4 months? You were lucky, with only 4 MONTHS! I once started at a company and within a few days realized that things were, well, a bit different there. I started to pass my resumee around after 15 Months, but in the end, since I didn't want to leave town at the time, it took me six years to get out.
    15 Months?!? You were lucky. We lived for three months in a paper bag in a septic tank. We used to have to get up at six in the morning, clean the paper bag, eat a crust of stale bread, go to work down t' mill, fourteen hours a day, week-in week-out, for sixpence a week, and when we got home our Dad would thrash us to sleep wi' his belt.
    Luxury. We used to have to get out of the lake at three o'clock in the morning, clean the lake, eat a handful of hot gravel, go to work at the phone factory every day for a few tuppence a month, come home, and Dad would beat us around the head and neck with a broken bottle, if we were LUCKY!

    Well, of course, we had it tough. We used to 'ave to get up out of shoebox at twelve o'clock at night and lick road clean wit' tongue. We had two bits of cold gravel, worked twenty-four hours a day at mill for sixpence every four years, and when we got home our Dad would slice us in two wit' bread knife.

    Oh you fortunate kids. I was once a camera man for Rosie O'Donnell; I had to film her every day.

  • Mike (unregistered) in reply to snoofle

    I work in healthcare and the passwords for our radiation treatment machines are a algorithmic substitution. Essentially if you know one you know them all because of the pattern in substitutions. Some how this is seen as better than just having them all use the same password in the first place. These are otherwise fairly locked down machines so they aren't domain joined and it isn't like it is needed to manage user permissions on the corporate level or anything. Just ... dumb ... passwords. Vendors also use the same password at all sites for administration and if you work at a reasonably high level with the equipment you need the passwords to get the machine to do what you want so ... pretty much every technician in the world can hack your $3M treatment machine and make it kill patients if they wanted too. Perfect.

  • Guanxi (unregistered) in reply to Elron the Fantastic
    Elron the Fantastic:
    Anon:
    faoileag:
    Anon:
    faoileag:
    QJo:
    It in fact took me 4 months to get out of there
    4 months? You were lucky, with only 4 MONTHS! I once started at a company and within a few days realized that things were, well, a bit different there. I started to pass my resumee around after 15 Months, but in the end, since I didn't want to leave town at the time, it took me six years to get out.
    15 Months?!? You were lucky. We lived for three months in a paper bag in a septic tank. We used to have to get up at six in the morning, clean the paper bag, eat a crust of stale bread, go to work down t' mill, fourteen hours a day, week-in week-out, for sixpence a week, and when we got home our Dad would thrash us to sleep wi' his belt.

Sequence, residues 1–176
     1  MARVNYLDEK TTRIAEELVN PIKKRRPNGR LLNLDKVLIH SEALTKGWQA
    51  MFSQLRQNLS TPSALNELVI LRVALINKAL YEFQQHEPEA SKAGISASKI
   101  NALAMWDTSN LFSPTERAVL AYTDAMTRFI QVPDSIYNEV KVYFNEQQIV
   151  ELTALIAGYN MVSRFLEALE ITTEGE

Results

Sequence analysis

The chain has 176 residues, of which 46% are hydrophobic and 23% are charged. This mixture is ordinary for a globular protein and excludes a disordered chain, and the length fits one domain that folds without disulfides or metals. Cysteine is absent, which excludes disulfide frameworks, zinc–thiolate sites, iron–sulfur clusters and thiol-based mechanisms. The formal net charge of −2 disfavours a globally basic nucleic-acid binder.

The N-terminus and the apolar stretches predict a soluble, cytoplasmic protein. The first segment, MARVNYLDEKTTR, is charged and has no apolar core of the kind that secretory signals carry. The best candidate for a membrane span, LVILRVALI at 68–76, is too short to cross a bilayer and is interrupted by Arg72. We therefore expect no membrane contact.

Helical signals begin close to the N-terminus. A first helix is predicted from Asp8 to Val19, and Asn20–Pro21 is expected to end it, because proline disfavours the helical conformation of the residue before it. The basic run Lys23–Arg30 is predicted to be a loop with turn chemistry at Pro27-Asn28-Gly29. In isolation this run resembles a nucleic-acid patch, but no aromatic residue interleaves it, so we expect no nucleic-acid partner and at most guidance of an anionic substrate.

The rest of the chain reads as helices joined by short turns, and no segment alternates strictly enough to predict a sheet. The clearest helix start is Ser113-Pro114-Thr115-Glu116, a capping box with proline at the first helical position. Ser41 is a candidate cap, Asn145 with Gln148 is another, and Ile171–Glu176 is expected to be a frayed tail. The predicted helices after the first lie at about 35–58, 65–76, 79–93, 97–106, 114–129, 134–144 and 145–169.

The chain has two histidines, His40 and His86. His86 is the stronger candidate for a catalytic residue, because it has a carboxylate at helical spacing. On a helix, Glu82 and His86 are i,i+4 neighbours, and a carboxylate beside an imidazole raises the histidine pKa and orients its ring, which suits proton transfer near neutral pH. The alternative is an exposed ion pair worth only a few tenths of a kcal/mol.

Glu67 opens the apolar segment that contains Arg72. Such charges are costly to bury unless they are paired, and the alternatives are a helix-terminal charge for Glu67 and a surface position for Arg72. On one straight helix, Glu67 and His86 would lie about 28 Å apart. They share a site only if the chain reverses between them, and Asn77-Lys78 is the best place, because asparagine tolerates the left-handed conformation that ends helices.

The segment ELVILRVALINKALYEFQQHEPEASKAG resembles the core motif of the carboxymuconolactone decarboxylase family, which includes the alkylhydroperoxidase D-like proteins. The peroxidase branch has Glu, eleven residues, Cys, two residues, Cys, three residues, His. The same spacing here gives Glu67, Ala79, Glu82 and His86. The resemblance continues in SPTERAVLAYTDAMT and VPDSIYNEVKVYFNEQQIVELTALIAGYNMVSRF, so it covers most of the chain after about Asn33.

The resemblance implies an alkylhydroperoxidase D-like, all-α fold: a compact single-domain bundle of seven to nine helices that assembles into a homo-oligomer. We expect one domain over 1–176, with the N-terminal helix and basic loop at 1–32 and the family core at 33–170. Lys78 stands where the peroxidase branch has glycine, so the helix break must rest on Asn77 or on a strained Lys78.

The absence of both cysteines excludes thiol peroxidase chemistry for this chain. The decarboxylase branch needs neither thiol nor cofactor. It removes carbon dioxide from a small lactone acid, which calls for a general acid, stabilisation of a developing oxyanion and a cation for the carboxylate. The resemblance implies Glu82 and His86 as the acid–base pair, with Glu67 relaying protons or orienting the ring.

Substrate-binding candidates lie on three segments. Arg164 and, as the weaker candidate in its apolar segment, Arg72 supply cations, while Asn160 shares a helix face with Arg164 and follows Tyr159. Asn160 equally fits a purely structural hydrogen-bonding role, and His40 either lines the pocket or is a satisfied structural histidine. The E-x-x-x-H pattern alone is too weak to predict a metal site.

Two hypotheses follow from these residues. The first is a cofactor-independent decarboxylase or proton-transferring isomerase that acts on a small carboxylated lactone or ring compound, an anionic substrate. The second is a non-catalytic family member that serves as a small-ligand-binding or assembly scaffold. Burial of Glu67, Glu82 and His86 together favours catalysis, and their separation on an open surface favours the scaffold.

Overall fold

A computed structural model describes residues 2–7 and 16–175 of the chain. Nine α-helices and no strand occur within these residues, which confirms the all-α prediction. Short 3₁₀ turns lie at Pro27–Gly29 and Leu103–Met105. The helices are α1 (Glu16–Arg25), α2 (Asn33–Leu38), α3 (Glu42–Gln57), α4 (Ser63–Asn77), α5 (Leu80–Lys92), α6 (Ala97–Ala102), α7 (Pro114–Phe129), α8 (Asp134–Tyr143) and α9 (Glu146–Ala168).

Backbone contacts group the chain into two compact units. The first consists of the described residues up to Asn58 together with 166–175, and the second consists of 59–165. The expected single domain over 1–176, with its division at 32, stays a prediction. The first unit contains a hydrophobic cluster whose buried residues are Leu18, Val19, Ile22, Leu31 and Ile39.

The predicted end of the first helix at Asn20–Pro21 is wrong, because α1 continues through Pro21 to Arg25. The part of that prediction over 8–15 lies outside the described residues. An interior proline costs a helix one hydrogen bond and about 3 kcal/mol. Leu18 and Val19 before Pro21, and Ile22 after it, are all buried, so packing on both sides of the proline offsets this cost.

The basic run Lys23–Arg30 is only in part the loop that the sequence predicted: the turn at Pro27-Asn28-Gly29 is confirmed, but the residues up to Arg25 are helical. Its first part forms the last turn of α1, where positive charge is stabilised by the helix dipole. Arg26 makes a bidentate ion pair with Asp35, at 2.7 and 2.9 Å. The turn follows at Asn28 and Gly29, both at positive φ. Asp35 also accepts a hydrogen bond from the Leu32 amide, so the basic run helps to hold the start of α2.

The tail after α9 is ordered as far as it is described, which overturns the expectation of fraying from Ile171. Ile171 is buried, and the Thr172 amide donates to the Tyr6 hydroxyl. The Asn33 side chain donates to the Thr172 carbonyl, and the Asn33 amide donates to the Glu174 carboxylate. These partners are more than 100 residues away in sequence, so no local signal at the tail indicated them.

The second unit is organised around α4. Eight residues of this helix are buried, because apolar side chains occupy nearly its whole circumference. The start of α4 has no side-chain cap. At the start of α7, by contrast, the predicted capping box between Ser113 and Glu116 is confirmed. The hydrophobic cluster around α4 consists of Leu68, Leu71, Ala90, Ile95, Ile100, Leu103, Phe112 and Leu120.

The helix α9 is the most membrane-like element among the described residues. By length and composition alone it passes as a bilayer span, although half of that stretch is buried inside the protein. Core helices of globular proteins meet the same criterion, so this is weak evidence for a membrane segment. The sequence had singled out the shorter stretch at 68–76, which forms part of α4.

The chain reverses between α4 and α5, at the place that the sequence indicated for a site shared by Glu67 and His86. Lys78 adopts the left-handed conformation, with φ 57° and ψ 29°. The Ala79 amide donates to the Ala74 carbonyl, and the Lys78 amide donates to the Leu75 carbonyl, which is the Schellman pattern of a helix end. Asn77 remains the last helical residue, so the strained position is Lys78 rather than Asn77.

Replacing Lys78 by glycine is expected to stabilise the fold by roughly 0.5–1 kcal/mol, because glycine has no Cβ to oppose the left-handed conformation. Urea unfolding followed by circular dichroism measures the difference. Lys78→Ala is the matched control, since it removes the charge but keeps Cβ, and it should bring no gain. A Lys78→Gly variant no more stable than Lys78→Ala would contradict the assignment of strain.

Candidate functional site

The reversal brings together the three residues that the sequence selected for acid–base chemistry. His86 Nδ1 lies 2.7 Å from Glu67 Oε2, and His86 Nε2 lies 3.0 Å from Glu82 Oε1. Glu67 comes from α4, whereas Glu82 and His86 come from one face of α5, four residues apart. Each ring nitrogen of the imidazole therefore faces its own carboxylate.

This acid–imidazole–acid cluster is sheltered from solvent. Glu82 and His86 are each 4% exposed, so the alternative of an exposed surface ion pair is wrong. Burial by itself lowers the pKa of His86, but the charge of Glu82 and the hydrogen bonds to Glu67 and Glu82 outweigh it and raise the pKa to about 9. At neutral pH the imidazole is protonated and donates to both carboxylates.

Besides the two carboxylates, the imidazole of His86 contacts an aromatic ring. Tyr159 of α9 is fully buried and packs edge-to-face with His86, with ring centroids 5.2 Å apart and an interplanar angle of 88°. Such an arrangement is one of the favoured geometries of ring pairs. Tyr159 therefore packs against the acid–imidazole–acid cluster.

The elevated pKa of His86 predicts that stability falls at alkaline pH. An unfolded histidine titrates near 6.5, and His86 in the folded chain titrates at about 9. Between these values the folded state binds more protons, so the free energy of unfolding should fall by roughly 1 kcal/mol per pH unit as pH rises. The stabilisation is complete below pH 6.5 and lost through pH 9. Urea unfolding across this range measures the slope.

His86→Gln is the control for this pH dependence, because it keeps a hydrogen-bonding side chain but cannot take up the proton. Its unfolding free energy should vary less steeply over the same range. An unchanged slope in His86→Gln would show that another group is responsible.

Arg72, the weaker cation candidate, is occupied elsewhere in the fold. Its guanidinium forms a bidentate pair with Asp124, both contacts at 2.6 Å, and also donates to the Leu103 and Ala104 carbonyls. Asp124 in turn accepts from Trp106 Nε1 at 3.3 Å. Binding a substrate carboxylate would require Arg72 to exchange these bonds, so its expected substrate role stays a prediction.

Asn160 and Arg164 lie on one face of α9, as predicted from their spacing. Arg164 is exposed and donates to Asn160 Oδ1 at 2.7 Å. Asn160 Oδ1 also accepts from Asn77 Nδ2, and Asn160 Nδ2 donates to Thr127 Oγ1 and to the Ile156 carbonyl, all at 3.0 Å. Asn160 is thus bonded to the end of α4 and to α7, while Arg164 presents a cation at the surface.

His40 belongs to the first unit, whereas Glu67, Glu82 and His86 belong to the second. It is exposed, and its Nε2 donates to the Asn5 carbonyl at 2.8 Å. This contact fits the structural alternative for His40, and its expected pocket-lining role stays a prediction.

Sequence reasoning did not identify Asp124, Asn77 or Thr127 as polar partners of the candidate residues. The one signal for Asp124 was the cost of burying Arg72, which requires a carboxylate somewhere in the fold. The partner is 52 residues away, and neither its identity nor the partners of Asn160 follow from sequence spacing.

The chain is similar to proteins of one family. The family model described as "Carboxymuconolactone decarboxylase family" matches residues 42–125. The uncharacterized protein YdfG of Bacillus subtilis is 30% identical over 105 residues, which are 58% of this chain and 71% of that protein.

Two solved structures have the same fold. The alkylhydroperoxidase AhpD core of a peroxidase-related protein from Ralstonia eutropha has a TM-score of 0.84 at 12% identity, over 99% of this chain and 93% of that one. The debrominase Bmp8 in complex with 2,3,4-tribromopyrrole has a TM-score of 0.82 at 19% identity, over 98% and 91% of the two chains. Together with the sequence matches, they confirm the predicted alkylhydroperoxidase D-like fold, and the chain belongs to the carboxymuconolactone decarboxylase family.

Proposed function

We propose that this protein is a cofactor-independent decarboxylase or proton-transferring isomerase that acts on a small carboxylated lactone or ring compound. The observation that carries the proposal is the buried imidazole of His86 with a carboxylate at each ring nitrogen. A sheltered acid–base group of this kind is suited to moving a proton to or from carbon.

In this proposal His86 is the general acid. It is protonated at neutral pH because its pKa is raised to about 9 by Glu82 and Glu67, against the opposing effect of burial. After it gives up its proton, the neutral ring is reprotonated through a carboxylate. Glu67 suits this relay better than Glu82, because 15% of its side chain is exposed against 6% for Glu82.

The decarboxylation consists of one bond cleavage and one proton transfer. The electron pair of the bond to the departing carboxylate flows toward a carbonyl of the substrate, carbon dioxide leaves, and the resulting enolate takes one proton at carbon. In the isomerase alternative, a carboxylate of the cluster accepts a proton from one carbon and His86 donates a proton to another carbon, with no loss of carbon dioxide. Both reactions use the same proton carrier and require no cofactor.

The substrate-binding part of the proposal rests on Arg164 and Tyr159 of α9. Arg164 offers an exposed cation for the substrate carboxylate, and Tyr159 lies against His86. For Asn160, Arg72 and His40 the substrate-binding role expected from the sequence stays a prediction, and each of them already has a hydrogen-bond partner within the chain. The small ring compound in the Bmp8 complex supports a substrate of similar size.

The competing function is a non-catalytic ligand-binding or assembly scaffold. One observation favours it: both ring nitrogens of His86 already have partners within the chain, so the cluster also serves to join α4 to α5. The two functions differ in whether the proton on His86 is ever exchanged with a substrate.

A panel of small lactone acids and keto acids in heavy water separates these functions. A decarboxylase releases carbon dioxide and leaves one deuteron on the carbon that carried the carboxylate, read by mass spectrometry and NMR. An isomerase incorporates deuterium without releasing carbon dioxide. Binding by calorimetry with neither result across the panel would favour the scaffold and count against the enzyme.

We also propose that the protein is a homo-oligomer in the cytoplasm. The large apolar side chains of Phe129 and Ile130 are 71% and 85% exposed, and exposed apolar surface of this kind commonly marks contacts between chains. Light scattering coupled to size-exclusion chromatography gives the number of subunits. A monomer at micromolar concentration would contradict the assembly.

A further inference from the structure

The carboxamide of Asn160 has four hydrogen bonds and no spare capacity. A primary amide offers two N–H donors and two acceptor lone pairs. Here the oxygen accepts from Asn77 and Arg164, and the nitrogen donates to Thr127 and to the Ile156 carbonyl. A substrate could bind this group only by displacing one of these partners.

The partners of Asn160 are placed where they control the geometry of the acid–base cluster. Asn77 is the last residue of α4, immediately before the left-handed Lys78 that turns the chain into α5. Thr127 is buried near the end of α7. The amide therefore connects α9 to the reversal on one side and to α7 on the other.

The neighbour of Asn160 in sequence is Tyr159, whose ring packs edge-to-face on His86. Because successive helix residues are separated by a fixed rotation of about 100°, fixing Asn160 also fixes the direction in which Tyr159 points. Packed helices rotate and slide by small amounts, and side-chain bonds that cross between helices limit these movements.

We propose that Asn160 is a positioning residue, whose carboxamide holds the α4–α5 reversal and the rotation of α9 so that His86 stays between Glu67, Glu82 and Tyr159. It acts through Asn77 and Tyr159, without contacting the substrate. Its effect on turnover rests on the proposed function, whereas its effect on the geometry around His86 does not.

Luxury. We used to have to get out of the lake at three o'clock in the morning, clean the lake, eat a handful of hot gravel, go to work at the phone factory every day for a few tuppence a month, come home, and Dad would beat us around the head and neck with a broken bottle, if we were LUCKY!

    Well, of course, we had it tough. We used to 'ave to get up out of shoebox at twelve o'clock at night and lick road clean wit' tongue. We had two bits of cold gravel, worked twenty-four hours a day at mill for sixpence every four years, and when we got home our Dad would slice us in two wit' bread knife.

    Oh you fortunate kids. I was once a camera man for Rosie O'Donnell; I had to film her every day.

    I used to work in a factory in China assembling Apple products.

  • Mason Wheeler (cs)

    http://www.youtube.com/watch?v=vDcbO2bRxhg

    Probably the best example I've seen.

  • chubertdev (cs)

    I wonder what the longevity is of people that are promoted to managers. I think that it's often a red flag. I've seen it happen often, and it's even happened to me once, where that is used as a substitution for increase in pay. I received more reponsibility with only a few more bucks in my pocket. Awesome.

    The icing on the cake was that the hiring for the people beneath me was done with very little of my input. The PHB would hire people based on his choices.

    When he re-hired a guy that was pretty much the cause for every single problem in our codebase without my input, that was when I walked out the door. Although it helped that I already had another job lined up...

  • Anon (unregistered) in reply to Elron the Fantastic
    Elron the Fantastic:
    Anon:
    faoileag:
    Anon:
    faoileag:
    QJo:
    It in fact took me 4 months to get out of there
    4 months? You were lucky, with only 4 MONTHS! I once started at a company and within a few days realized that things were, well, a bit different there. I started to pass my resumee around after 15 Months, but in the end, since I didn't want to leave town at the time, it took me six years to get out.
    15 Months?!? You were lucky. We lived for three months in a paper bag in a septic tank. We used to have to get up at six in the morning, clean the paper bag, eat a crust of stale bread, go to work down t' mill, fourteen hours a day, week-in week-out, for sixpence a week, and when we got home our Dad would thrash us to sleep wi' his belt.
    Luxury. We used to have to get out of the lake at three o'clock in the morning, clean the lake, eat a handful of hot gravel, go to work at the phone factory every day for a few tuppence a month, come home, and Dad would beat us around the head and neck with a broken bottle, if we were LUCKY!

    Well, of course, we had it tough. We used to 'ave to get up out of shoebox at twelve o'clock at night and lick road clean wit' tongue. We had two bits of cold gravel, worked twenty-four hours a day at mill for sixpence every four years, and when we got home our Dad would slice us in two wit' bread knife.

    Oh you fortunate kids. I was once a camera man for Rosie O'Donnell; I had to film her every day.

    Damn! That's just wrong.

    I think you win.